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9+ Foods to Improve Brain Health and Memory

By: The Dr. Perlmutter Team

As I’ve stated before, one of the most fascinating things about the human brain is that neuroplasticity, the process by which the brain undergoes changes in response to internal and external stimuli, affords us a great deal of control in determining the overall health of our brain. While there are many lifestyle changes one can make to improve overall brain health, studies have shown that dietary factors can have a significant impact. Choosing which foods you use to fuel your body goes far beyond counting calories; the macronutrients—fats, proteins, and carbohydrates—you emphasize in shaping your diet can have major repercussions for brain health. There is evidence to suggest that individuals who consume a diet high in carbohydrates have an 89% increased risk of developing dementia, while people who consume a diet high in healthy fats actually reduce their risk by 44%. Ensuring that the foods you consume are high in antioxidants, rich in healthy fats, low in carbohydrates, and powerfully anti-inflammatory can go a long way towards optimizing brain health and boosting memory and cognition.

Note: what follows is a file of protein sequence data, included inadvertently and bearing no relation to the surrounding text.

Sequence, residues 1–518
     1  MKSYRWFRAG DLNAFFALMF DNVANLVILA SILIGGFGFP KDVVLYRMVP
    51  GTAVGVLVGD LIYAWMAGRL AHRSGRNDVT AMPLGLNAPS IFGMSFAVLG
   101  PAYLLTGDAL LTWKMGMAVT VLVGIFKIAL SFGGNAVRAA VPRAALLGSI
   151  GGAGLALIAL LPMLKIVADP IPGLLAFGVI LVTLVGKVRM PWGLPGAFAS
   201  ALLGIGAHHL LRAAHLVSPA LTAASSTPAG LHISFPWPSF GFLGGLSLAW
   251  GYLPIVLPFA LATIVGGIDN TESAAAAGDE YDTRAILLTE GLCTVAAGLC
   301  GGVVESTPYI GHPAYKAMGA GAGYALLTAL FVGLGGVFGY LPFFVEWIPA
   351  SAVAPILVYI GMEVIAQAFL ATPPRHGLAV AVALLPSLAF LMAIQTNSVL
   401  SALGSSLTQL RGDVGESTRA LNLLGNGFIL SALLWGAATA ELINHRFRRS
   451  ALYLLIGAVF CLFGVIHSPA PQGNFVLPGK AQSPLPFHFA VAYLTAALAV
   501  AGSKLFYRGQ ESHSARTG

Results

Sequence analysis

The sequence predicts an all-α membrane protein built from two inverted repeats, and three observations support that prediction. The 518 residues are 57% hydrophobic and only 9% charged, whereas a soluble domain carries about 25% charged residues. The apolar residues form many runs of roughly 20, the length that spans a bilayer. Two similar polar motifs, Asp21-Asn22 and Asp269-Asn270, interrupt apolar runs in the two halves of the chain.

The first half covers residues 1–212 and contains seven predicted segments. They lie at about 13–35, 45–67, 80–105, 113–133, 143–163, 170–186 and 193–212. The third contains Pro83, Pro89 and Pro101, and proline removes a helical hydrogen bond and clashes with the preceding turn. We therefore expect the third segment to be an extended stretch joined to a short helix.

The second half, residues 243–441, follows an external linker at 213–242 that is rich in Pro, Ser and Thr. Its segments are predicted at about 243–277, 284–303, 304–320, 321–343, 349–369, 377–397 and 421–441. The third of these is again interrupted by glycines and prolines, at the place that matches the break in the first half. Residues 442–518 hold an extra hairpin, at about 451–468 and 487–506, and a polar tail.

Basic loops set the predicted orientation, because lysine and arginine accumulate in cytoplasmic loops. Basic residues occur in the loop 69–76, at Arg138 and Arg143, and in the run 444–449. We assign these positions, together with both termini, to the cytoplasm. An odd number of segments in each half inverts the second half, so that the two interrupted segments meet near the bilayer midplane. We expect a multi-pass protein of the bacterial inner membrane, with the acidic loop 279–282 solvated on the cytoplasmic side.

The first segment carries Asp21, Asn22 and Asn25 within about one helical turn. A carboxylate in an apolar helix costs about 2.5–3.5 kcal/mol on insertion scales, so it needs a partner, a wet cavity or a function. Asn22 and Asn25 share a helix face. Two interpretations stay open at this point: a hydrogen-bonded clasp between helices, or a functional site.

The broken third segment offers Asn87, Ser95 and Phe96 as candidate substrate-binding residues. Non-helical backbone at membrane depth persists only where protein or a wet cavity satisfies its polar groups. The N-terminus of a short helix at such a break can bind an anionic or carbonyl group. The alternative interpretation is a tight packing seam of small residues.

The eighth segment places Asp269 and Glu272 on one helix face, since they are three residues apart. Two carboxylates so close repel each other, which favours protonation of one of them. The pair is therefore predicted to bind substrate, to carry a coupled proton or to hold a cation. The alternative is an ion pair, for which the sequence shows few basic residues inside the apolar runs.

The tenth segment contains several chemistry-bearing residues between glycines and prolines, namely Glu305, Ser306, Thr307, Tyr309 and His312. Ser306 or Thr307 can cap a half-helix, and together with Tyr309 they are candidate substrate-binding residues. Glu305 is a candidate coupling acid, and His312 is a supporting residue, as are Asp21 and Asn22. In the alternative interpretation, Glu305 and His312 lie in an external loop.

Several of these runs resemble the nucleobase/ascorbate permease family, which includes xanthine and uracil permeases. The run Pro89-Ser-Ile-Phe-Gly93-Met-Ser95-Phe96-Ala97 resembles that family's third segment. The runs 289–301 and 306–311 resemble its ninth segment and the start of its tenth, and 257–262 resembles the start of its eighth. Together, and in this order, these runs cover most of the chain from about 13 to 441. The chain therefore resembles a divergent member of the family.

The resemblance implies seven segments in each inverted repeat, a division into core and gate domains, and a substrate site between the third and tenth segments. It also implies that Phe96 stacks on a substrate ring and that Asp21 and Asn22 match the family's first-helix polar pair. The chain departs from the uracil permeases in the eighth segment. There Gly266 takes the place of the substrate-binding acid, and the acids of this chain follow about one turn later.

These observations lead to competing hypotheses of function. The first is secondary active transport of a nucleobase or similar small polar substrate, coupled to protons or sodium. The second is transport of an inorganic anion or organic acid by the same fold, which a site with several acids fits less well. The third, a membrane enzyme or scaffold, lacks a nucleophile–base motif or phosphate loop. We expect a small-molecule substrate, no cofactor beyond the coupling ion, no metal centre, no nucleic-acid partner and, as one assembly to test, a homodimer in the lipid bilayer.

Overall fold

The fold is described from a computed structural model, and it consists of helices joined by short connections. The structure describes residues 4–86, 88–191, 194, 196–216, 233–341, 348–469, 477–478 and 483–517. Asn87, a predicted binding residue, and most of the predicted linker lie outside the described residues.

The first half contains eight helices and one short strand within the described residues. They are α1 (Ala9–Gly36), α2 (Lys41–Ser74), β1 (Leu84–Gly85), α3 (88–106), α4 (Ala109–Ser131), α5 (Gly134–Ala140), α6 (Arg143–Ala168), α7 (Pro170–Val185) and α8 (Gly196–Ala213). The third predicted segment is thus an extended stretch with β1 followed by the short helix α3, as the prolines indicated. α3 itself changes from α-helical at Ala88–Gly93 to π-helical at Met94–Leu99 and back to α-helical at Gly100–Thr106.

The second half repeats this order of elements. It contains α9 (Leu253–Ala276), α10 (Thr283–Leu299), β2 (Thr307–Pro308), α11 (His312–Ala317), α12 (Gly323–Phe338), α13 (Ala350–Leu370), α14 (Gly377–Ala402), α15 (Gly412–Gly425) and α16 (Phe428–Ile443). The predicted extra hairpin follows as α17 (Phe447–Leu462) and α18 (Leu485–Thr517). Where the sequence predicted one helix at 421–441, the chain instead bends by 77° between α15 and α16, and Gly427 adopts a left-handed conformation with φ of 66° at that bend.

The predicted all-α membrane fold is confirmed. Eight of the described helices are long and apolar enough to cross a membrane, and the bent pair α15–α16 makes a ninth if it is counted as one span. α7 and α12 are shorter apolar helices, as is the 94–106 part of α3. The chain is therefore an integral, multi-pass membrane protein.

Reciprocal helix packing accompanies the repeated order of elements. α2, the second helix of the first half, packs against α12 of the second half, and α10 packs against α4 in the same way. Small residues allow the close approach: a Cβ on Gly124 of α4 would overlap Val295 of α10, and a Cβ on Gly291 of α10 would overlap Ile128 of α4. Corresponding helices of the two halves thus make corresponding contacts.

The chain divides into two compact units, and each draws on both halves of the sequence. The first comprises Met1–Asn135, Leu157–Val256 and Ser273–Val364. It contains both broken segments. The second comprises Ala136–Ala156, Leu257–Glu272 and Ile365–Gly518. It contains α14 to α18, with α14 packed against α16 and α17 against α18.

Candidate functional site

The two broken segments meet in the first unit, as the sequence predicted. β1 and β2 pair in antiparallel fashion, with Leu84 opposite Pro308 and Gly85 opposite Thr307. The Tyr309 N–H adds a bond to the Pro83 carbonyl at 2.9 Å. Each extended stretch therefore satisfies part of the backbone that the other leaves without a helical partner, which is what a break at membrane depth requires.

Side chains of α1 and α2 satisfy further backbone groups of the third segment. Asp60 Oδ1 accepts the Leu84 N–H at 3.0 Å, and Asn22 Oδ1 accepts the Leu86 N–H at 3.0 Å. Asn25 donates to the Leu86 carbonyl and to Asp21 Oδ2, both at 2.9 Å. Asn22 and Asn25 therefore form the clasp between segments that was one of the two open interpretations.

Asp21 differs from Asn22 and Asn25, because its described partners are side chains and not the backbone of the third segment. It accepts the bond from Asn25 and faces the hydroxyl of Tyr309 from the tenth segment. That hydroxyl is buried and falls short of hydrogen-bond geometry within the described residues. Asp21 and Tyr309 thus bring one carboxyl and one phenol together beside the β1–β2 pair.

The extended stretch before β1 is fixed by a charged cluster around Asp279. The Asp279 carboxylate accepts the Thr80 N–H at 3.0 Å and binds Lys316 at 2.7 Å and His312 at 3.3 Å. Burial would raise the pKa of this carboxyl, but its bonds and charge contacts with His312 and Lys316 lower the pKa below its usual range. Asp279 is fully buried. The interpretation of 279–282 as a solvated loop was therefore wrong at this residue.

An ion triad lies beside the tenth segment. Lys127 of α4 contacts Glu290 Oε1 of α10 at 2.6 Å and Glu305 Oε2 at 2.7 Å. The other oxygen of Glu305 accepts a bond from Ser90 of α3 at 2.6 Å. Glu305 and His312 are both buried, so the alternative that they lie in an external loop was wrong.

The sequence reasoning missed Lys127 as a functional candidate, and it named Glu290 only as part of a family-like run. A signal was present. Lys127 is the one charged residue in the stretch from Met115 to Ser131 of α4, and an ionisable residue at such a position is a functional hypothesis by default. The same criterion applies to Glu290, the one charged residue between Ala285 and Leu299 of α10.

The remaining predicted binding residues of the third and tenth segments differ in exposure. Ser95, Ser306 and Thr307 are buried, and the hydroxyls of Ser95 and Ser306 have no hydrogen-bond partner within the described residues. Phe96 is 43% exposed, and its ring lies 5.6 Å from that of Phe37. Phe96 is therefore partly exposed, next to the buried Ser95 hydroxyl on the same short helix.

Foods to Improve Brain Health and Memory

Generally speaking, I recommend a diet that is higher in fat and fiber, low in carbs, and rich in gut-healthy probiotics. To that end, please read on for some suggestions on specific foods around which to build a brain-boosting diet!

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Probiotics for Mental Health

Recently, I was interviewed by the magazine Men’s Health to discuss the positive benefits of probiotics and their potential applications for improving mental health and conditions like depression. I wanted to dive a bit deeper into the thoughts I shared in the article, and go over some key takeaways. Read the article and let me know what you think!

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The Empowering Neurologist – David Perlmutter, MD and Dr. Whitney Bowe


I am hopeful that, at this stage of the game, it will not come as a total surprise that even the health and appearance of our skin is affected by microbes and the microbiome.